Random thoughts from WMCPA
yantzi 100000QK6U Visits (2014)
Wisconsin user group (WMCPA) on various RDi related topics. It was their all day fall conference and it went really well IMHO. Here are a few random thoughts from the day.
There is a mental shift moving from the green screen "single task" based tools to the "multi-task" based RSE environment. I'm not just talking about the learning curve of learning a new tool, it's more about the mental shift of really understanding how the new tool works.
That's a bit abstract, so let me try to make it more concrete with an example. Recently I've gotten the following question from 3 different people: "Can I run a CL command while editing in the RSE?" The assumption seems to be that, while the editor is open, you can't do anything else. This is what I'm referring to as the single task mode (yes, I know SEU allows you to run a CL command, but that takes over the editor while you are doing it). Another example: while you are debugging on the green screen you can't also be editing code unless you open multiple emulator sessions.
In the RSE you can do most things at the same time. You can run CL commands and work with your objects and members while editing, you can edit multiple members at the same time, you can be debugging one or more programs in the debug perspective and then switch to the RSE to do some other things, then switch back and continue debugging. You can use the RSE in a single-task mode, but over time you make the mental shift and really start leveraging this power. This is not something that can be taught, it just comes with time and experience.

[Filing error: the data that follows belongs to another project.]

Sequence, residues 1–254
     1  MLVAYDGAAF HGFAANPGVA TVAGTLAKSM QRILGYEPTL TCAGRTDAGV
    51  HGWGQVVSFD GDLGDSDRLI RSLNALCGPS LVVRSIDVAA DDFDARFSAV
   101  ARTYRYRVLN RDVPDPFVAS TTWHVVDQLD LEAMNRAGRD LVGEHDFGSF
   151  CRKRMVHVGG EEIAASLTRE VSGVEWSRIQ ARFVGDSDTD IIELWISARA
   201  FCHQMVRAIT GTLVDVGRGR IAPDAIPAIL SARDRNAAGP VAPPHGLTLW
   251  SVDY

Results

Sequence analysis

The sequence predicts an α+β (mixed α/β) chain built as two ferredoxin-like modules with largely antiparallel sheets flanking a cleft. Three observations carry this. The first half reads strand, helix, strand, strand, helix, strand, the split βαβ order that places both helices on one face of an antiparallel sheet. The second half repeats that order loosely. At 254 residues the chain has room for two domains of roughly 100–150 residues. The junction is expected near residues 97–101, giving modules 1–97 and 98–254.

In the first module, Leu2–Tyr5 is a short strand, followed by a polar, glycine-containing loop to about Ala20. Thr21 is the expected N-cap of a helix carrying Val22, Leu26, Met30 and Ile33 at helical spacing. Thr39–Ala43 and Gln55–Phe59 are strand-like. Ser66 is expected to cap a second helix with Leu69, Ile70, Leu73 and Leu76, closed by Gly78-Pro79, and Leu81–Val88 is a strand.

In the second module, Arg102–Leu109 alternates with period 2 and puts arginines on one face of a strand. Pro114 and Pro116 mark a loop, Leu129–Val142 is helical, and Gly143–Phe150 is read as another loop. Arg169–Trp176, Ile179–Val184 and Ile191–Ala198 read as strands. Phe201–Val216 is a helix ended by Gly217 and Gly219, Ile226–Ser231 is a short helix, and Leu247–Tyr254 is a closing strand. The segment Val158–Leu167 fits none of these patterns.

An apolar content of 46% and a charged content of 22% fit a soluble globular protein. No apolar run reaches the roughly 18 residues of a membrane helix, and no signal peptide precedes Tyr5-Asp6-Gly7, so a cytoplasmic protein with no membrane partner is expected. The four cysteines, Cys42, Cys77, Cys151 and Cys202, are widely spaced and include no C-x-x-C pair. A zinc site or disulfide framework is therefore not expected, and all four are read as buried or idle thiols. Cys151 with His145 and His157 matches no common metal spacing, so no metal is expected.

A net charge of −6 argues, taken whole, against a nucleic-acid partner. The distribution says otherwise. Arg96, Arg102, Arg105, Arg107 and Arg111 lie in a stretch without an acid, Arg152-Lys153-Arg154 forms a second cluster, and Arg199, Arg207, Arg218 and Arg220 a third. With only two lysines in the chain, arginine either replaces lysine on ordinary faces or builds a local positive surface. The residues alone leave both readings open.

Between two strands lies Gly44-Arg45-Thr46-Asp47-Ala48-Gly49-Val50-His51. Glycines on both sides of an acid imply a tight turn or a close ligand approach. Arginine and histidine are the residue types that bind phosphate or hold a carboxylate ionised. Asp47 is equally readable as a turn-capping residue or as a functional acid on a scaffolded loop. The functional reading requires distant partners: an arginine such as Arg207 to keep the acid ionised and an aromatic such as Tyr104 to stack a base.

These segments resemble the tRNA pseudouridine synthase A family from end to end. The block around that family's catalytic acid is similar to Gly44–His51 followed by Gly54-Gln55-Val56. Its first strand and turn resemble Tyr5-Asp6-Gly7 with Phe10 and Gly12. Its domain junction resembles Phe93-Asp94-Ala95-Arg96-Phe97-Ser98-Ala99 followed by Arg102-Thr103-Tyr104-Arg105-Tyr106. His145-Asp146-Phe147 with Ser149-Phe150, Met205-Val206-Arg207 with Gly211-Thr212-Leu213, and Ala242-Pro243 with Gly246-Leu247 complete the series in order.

Second observation: always find out the true problem before giving an answer. There are many ways to do things in the RSE, you just need to find the way that best solves your problem. I've written about this before, specifically about using spool files to find compile errors and cross reference information vs. using the Error List and Outline view.
I came across another case of this while running the open lab. A woman in the class was trying to get F1 help for an RPG built in function, but when you press F1 on a BIF it takes you to the help for the opcode (a possible defect?) So I embarked on showing her how she could find the help page that lists the BIFs and bookmark it so she could always jump back to it quickly. She seem okay with this, but not overly thrilled.
A few minutes later she mentioned that she only needed the help because she can never remember what parameters some of the BIFs require and the order they are expected. Ahhhh! What she really needed was the content assist for the BIF which shows you the parameters and a small help blurb. When you select the BIF from the content assist list it even puts up a hover box showing the parameters until you have them all entered in. This got the excited response I was hoping for.
My last observation is more of a comment. Jim Buck, who is the president of the user group, is also a teacher at Gateway Technical College which has an IT - Programmer/Analyst programthat teaches System i and RPG programming. Very cool!